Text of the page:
In the Olympic year Kingston Museum is exploring old and new techniques used to capture athletes in motion, writes Clare Buchanan.
The exhibition will demonstrate the way artists and photographers have changed and evolved and how they depict the human body over time.
The showcase includes work by Kingston-born, Victorian photographer Eadweard Muybridge, who bequeathed his personal collection to the borough in 1904 and paved the way for capturing the world in
He was a pioneer in trying to capture motion in sequence photography and the exhibition displays many of his 1887 experiments of humans and animals in motion.
Much of his work was devoted to athletics and the male physical form, reflecting a new emphasis on physical fitness and ideals of masculinity in the 19th century.
In contrast, the display also includes contemporary artist David Michalek’s work, which captures athletes in motion in high definition.
Coinciding with the 2012 Games the exhibition also focuses on 21st century techniques, including the use of sport biomechanics to measure and correct technique and injury rehabilitation.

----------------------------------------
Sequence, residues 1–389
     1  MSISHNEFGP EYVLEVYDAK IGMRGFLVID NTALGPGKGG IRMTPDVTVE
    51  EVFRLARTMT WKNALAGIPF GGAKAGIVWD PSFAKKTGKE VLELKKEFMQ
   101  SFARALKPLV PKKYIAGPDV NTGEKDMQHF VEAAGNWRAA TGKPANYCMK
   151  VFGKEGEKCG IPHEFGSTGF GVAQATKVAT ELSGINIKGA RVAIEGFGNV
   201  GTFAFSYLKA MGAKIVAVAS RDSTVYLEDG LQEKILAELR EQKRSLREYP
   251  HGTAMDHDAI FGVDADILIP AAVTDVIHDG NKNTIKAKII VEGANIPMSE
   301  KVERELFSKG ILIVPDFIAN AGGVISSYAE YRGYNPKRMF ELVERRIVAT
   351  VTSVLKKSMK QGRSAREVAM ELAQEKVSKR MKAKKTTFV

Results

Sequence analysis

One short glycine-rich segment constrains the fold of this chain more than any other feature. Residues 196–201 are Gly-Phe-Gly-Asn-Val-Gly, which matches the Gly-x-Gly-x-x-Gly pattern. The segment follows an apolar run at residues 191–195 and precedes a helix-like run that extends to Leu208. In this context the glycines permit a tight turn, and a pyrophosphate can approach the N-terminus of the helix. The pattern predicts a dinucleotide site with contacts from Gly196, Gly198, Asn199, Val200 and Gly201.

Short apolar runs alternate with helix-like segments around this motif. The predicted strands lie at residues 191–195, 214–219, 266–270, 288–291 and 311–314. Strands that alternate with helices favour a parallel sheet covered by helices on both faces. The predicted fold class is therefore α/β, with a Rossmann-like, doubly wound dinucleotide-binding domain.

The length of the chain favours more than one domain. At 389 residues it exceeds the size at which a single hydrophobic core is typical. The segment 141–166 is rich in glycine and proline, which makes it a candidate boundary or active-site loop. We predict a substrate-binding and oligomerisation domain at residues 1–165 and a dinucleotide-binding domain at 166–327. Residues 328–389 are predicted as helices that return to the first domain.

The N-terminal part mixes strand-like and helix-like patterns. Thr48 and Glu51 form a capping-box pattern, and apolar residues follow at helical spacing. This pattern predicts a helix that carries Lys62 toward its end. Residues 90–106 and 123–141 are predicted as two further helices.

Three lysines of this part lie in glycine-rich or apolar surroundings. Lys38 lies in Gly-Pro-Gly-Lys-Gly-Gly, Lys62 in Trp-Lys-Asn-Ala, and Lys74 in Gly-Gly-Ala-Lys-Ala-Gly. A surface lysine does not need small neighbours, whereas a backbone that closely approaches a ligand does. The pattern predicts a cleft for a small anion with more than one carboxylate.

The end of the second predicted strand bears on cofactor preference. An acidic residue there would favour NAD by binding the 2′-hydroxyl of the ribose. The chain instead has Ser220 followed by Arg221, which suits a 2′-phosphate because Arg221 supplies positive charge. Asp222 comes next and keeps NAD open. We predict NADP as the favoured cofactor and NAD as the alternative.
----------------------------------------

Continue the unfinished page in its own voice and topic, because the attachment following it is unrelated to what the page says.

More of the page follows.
A video by Charlie Murphy, called the Kingston Big Wheel, will accompany the exhibition, courtesy of the Stanley Picker Gallery.
The video is inspired by Muybridge’s iconic motion sequence and features 300 gymnasts, dancers and athletes creating a chain of human cartwheels. The Kingston Big Wheel forms the final project for
No Competition – a series of artist projects exploring the relationship between art and non-competitive sport.
Olympic Celebration: Athletes in Motion, Kingston Museum, Wheatfield Way, Kingston. From July 28 to October 20. Admission free. Contains nudity. Phone 020 8547 6463 or visit kingston.gov.uk/museum